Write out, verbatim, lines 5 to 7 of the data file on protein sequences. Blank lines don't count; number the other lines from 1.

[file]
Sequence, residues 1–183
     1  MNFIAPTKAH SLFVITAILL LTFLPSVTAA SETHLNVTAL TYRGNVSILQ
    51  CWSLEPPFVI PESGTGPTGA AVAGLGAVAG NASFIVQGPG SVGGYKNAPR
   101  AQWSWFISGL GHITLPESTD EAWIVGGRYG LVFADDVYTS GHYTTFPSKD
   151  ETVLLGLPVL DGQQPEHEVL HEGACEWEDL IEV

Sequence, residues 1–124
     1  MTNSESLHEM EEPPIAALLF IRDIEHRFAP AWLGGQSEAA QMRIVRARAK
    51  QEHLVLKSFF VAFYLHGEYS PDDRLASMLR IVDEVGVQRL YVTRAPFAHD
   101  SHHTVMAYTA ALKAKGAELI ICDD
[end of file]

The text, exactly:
   151  ETVLLGLPVL DGQQPEHEVL HEGACEWEDL IEV

Sequence, residues 1–124
     1  MTNSESLHEM EEPPIAALLF IRDIEHRFAP AWLGGQSEAA QMRIVRARAK